Let me repeat this: fierce competition among Amazon merchants is now fueled by the customers’ demand for cheaper products. In this context, raising prices doesn’t look like the relevant game plan for pushing conversions. Especially regarding how Amazon’s ranking algorithm works, favoring products with high sales volume, competitive prices, and a sufficient number of positive reviews.
If a seller raises their prices, the Amazon search engine can move the position of products down the search results. This, in turn, can lead to less traffic and a decline in sales for the online merchants that increased their product prices compared to those who did not.
Additionally, many third-party sellers find it challenging to increase prices due to Amazon’s new price competitiveness policies. The eCommerce giant has consistently engaged in predatory pricing and is now selling products and services below cost to outgame competitors and expand its market share.
Solution: Strategize Your Pricing! This process mainly involves monitoring sales data and tracking prices to adjust them. Choose best-selling products to increase your product margins, and use lower-margin products as bonuses, benefits, or entry offers.
You can utilize Amazon’s automated pricing feature to remove the burden of manually tracking and adjusting prices. Thus, you set upper and lower price thresholds, and Amazon does the rest to keep your products competitive in the market.
Enter the FBA Small and Light program that can reduce fulfillment costs for merchants, selling small, cheap, and fast-moving products. Please mind that Amazon updated fulfillment fees for small and light units. Effective January 18, 2022, the weight limit for FBA Small and Light was adjusted from 12 oz to 3 lb. To avoid getting in trouble with the new Amazon fees, look at all 2022 Amazon selling fee changes.
Some Amazon sellers can’t offer the promotions they used to because consumer demand is outstripping supply. So they won’t be able to fulfill orders if they give shoppers extra incentives to buy their products. Another factor is Amazon’s new restrictions on how much inventory can be stored at the company’s warehouses. Inventory limits also stop sellers from offering too many discounts.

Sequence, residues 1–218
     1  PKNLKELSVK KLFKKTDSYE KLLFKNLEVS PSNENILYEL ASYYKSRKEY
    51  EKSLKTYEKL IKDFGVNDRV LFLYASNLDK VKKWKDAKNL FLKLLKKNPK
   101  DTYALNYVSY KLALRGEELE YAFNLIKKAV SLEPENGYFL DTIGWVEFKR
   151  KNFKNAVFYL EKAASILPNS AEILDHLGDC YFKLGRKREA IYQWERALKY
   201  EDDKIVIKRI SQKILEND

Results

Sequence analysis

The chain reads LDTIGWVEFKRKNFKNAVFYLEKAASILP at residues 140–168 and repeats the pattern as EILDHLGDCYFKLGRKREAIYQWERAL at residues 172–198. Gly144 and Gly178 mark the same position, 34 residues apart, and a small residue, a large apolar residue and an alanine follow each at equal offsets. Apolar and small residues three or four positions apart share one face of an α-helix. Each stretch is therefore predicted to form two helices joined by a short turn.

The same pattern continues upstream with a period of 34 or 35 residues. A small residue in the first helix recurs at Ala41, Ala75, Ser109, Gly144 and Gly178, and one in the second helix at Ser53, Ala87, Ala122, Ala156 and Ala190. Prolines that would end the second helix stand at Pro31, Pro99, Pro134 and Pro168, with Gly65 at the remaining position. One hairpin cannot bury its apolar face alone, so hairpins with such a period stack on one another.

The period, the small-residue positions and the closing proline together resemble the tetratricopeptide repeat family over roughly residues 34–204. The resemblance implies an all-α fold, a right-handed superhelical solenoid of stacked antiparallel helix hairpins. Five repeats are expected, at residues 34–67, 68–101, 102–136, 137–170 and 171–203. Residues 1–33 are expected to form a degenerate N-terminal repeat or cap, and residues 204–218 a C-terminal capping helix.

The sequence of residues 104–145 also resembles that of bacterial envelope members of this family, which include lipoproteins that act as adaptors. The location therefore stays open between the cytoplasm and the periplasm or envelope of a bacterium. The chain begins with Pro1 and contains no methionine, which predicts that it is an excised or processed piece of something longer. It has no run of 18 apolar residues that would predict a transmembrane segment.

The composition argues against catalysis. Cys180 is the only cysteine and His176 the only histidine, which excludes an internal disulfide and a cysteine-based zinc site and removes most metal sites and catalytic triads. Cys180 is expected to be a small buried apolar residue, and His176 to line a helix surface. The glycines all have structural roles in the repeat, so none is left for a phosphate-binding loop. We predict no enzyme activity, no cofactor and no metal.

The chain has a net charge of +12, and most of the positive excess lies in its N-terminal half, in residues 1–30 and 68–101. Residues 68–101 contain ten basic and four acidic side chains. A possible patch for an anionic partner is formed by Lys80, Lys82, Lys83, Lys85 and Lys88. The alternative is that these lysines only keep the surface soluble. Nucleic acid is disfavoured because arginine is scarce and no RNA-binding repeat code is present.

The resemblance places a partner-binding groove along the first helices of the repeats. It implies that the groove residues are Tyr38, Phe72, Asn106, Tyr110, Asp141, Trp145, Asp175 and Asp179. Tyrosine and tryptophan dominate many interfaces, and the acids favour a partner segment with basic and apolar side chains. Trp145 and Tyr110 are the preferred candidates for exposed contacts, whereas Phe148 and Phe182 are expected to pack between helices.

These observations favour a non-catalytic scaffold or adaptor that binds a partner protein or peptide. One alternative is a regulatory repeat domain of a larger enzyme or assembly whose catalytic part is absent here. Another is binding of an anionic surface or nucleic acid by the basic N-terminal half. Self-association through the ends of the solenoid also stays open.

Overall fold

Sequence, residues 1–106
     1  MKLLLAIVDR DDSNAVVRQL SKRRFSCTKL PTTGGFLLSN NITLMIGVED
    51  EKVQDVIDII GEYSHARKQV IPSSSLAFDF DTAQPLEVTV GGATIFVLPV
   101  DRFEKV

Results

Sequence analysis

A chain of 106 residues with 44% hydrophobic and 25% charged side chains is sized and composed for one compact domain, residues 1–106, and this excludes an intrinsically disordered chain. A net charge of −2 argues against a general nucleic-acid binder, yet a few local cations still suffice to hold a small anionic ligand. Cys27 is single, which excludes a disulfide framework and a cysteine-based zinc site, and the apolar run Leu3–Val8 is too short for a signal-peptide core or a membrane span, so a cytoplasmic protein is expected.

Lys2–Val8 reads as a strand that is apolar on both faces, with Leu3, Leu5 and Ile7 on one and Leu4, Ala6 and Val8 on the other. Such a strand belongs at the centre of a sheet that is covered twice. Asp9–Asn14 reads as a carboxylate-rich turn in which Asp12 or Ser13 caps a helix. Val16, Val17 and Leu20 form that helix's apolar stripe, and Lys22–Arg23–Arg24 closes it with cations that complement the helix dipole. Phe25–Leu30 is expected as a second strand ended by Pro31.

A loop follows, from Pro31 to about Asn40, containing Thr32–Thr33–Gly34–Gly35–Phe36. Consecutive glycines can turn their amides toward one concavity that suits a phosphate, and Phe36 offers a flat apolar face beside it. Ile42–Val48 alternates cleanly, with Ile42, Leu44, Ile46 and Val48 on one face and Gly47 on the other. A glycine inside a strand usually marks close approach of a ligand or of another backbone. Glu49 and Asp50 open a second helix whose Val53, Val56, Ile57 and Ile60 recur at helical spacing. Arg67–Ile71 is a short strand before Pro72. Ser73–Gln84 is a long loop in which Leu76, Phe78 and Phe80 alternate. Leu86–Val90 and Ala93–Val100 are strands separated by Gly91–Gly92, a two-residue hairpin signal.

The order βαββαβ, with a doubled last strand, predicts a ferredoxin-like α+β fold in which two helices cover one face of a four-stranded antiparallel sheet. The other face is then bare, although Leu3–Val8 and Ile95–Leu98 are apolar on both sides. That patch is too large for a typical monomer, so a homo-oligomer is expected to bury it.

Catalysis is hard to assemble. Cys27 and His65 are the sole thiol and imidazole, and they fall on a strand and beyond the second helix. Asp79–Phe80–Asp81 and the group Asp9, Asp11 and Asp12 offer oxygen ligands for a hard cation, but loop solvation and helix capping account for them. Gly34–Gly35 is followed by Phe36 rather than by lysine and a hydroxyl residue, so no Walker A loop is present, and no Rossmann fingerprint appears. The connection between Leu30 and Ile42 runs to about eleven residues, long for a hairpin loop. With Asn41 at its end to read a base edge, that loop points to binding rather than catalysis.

Amazon pushes its Brand Referral Bonus Program to award up to a 10% bonus to sellers that drive sales to their Amazon listings from off-site traffic. To join the program, sellers should enroll in Amazon Attribution and have some non-Amazon traffic, such as social media, to redirect.
Since most economists forecast that inflation will still be at about 4% or higher by the end of the year, it’s unclear if these inflationary pressures will fade away short term. One thing is for sure: returning to normalcy will take time.
Digesting the risks, Amazon merchants should focus on the two main priorities:
- Act strategically: As the consumers’ demand shifts toward services and experience, price dispersion and volatility can ensure selective opportunities for some Amazon players.
- Avoid panic-driven decisions: Those Amazon sellers centered on resilience and backed with actionable reports stand a chance of relative outperformance. While keeping an eye on their critical KPIs, they can create and seize strategic opportunities in bad times and sail their Amazon boats in the right direction.
If you still keep your options open for a robust Amazon data management tool, you can try our new data warehousing feature as part of Seller Labs PRO.
Besides data aggregation functionality, our PRO solution can back you up while keeping track of your reviews, finding profitable keywords, growing your brand with social media, and managing your advertising campaigns. You can also contact our Services team for dedicated help.
Maria is an SEO Content Specialist at Seller Labs. Once captured by digital and content marketing in her student days, she keeps living and breathing it ever since.